Don’t save all your print materials for the conference. Instead, make sure people know you’ll be there ahead of time with a direct mail campaign. In addition to a well-timed update on your social media channels, you can also send a postcard to bookstore owners, journalists, reviewers, librarians and other influencers to invite them to network in-person with you at the conference.
If you’re uncertain about this approach, HubSpot found that it generates more of a response than digital media, with 66 percent of direct mail being opened, as compared to less than 20 percent with email.
If you’re promoting yourself and your brand, include a high-quality photo of you in the design. Or, if your focus is on a recent book, be sure to incorporate the cover into the design as well. Finally, don’t forget to share relevant information about the conference and how to contact you via email, phone or social media to schedule a meeting.
Custom decals or stickers are popular with modern consumers—in particular, the millennial generation of 18- to 30-year-olds. “The trend’s success is all about recognizing and playing the nostalgia card with millennials, most of whom grew up meticulously decorating their caboodles in the golden age of stickers from Lisa Frank and Happy Bunny,” says Vox.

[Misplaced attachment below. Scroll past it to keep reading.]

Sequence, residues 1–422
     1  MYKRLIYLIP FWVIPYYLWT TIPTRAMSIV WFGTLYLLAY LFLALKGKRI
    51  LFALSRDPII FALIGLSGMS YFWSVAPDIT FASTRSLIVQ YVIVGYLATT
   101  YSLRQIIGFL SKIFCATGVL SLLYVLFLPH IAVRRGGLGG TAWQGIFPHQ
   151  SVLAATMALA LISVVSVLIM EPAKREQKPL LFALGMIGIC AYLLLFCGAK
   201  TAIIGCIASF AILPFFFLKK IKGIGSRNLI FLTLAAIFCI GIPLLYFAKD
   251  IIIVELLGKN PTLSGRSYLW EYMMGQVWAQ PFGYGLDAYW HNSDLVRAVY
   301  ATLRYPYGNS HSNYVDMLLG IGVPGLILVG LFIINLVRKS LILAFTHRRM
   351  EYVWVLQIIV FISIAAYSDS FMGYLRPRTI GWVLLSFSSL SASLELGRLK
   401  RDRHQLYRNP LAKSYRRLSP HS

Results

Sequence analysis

If your readers are millennials, this is a print material you don’t want to overlook. When designing stickers, keep these tips in mind from 99Designs:
- Make them pop with color. “Use energetic designs filled with vibrant colors.”
- Focus on messaging using big bold letters, unique typography and a catchy slogan or quip.
- Remember: shocking design—like something spooky or edgy—helps you stand out.
- Be serious if appropriate. “Some stickers do important jobs, like providing a service number or warning users about security; if yours does, get serious with your design.”
- Consider a retro or classic look to appeal to the nostalgic element.
5. Business Cards
You can never predict who you’ll meet at a conference—a well-known author with valuable connections, a publisher scouting for fresh talent, a literary blogger with an audience of thousands, or even a bibliophile in the pursuit of new books to read.
It’s critical that you’re both personable and professional when meeting these people and business cards are important for making that impression. However, a traditional business card only measures 3.5×2”, so you need to make an impact with limited space.
To do so, Kate Sullivan, book editor and marketer, suggests:
“My personal favorite [layout] is to put a list of your books on one side with your author website at the bottom, and then to put your contact information and tagline (e.g. Award-winning personal finance author) on the opposite side. This makes it easy to see exactly what you write, find where to buy it and [how to] get in touch.”
Use Print to Connect and Engage at Writers Conferences
These five print materials allow you to make the most of a writers conference. Be strategic with your design and messaging and make sure everyone you speak to leaves with something tangible. Your brand is more than a social media profile, so step outside of the box to get more value from your next event.